Reality Check: Explaining Minnesota’s Self-Defense Laws
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MINNEAPOLIS (WCCO) — A Minnesota man told police he feared two teenagers breaking into his home had a weapon when he shot and killed them on Thanksgiving Day.
Byron Smith, 64, of Little Falls, is now facing murder charges.
Smith admitted to investigators he fired “more shots than (he) needed to.”
And seemed to brag about making “a good, clean finishing shot” when he killed 18-year-old Haile Kifer, after he had already killed 17-year-old Nicholas Brady.
Minnesotans already have the right to defend themselves in their homes, but the case in Little Falls would probably not apply.
It’s already legal to shoot and kill an intruder in your home, or in your yard, or your garage, if you are threatened.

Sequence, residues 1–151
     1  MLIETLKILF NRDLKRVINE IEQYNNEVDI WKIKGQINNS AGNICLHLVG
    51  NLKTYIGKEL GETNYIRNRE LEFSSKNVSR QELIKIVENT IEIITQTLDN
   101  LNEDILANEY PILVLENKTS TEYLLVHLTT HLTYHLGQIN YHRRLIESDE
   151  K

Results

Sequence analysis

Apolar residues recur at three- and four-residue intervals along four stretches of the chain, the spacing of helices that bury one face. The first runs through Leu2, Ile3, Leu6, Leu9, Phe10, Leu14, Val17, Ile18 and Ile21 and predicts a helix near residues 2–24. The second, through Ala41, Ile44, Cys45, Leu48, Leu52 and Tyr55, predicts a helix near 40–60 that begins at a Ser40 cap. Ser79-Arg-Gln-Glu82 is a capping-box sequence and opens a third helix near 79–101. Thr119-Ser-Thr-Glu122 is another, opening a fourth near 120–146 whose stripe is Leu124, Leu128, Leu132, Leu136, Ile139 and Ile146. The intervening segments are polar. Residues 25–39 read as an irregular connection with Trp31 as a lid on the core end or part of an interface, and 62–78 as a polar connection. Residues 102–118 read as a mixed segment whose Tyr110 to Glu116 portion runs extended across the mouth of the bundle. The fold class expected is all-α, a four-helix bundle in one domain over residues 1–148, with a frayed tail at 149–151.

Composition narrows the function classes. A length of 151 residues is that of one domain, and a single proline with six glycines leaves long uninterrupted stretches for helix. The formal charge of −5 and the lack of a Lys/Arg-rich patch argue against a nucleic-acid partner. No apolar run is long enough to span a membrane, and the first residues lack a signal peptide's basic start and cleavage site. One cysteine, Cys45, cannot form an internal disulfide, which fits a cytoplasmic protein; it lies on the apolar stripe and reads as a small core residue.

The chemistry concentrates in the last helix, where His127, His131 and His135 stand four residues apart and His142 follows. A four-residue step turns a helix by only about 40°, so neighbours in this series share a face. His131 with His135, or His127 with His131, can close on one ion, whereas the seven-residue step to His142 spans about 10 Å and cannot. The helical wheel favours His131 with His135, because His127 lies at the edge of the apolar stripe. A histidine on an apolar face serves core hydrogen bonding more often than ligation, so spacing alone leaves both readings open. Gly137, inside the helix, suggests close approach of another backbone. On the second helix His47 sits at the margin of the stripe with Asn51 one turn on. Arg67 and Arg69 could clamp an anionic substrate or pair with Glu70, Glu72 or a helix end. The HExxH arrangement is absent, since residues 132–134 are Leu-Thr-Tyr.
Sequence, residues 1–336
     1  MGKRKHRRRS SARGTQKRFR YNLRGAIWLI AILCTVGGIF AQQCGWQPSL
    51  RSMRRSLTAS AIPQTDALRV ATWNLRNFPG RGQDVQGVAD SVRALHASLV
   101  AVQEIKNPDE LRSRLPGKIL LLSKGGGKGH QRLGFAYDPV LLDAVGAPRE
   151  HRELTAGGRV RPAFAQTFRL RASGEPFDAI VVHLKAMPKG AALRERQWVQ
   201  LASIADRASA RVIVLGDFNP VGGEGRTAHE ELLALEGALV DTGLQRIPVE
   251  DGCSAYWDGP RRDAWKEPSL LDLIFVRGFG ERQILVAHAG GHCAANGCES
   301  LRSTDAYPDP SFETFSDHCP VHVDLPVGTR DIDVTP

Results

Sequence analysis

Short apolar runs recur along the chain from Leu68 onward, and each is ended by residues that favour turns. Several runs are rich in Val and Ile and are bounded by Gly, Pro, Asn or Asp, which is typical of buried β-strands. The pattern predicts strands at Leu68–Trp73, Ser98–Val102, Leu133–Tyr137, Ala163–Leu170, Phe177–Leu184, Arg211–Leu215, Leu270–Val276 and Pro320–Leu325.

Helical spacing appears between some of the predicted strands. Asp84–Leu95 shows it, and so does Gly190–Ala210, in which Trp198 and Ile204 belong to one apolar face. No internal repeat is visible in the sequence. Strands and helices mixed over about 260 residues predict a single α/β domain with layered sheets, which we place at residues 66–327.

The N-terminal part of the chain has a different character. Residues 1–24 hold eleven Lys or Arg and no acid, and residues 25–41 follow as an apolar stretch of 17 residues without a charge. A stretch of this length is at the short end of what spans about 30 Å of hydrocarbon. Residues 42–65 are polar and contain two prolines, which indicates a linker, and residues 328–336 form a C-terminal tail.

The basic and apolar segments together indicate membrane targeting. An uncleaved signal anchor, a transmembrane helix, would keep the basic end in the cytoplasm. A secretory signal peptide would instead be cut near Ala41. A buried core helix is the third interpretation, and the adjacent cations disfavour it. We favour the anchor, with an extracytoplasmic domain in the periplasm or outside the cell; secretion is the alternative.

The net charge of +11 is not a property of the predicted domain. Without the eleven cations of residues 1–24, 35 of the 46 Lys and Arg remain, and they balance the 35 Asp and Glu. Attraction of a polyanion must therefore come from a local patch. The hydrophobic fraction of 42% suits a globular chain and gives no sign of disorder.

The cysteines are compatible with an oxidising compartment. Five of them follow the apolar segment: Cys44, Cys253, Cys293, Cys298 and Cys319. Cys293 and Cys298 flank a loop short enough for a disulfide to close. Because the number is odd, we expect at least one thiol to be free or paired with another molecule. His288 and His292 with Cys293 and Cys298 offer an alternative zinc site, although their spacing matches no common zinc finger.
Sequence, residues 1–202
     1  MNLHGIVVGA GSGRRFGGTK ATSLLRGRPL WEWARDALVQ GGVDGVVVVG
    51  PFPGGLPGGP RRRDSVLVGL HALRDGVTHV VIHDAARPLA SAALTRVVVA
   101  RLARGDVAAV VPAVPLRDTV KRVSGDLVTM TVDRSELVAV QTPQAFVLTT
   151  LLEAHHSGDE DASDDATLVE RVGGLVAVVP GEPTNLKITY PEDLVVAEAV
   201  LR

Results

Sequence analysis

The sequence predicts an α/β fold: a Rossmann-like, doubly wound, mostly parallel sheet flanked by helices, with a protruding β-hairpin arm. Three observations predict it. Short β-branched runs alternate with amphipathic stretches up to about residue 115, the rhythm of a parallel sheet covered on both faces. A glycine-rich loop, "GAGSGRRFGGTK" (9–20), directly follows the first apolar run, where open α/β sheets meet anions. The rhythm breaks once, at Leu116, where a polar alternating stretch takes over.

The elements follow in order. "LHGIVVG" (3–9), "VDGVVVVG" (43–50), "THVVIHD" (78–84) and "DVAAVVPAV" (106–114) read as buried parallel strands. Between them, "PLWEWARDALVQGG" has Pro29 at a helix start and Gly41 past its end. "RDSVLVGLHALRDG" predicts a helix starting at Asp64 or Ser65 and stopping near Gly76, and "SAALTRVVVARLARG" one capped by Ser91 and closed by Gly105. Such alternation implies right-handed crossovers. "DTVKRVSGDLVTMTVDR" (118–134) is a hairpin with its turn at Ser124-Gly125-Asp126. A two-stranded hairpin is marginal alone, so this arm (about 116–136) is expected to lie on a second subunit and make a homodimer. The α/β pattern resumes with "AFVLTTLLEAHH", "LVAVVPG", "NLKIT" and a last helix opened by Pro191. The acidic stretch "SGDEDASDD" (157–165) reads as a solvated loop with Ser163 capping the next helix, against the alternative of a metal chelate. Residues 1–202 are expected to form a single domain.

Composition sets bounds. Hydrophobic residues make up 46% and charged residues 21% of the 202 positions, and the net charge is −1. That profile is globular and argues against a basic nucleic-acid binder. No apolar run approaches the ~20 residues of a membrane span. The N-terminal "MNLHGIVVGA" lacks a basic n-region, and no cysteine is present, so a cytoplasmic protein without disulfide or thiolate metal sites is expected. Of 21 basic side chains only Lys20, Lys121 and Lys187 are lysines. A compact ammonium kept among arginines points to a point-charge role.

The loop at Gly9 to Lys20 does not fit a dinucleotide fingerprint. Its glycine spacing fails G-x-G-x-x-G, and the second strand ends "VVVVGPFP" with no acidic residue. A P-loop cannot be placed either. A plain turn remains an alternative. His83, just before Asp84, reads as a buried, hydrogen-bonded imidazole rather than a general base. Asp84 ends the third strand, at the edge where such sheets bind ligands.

But self-defense becomes murder at a very specific point.
Most states already have self-defense laws based on the Castle Doctrine — “a man’s home is his castle.”
In fact, in Minnesota, you can shoot an intruder — even kill — if you feel threatened with great bodily harm, or if you are trying to prevent a felony.
But you must stop shooting if the threat’s eliminated, even if the intruder is still alive.
That’s called the “duty to retreat.”
Self-defense laws in 24 states go further than Minnesota. They are not “duty to retreat” states — but “stand your ground” or “make my day” states. “Make my day,” as in Clint Eastwood’s famous line.
Here’s what you need to know.
This year the Minnesota legislature passed, and Gov. Mark Dayton vetoed, a bill that would have turned Minnesota into a “make my day” state.
That would have expanded the Castle Doctrine beyond a house — to cars, motor homes, boats — even tents.
That’s not the whole story.
In Little Falls, Smith may have felt threatened when two young people broke into his home.
But even a “make my day” state won’t allow a shooter to do what Smith says he did — keep shooting until the intruders were dead.
George Zimmerman used Florida’s “stand your ground” law when he killed Trayvon Martin, claiming he felt threatened.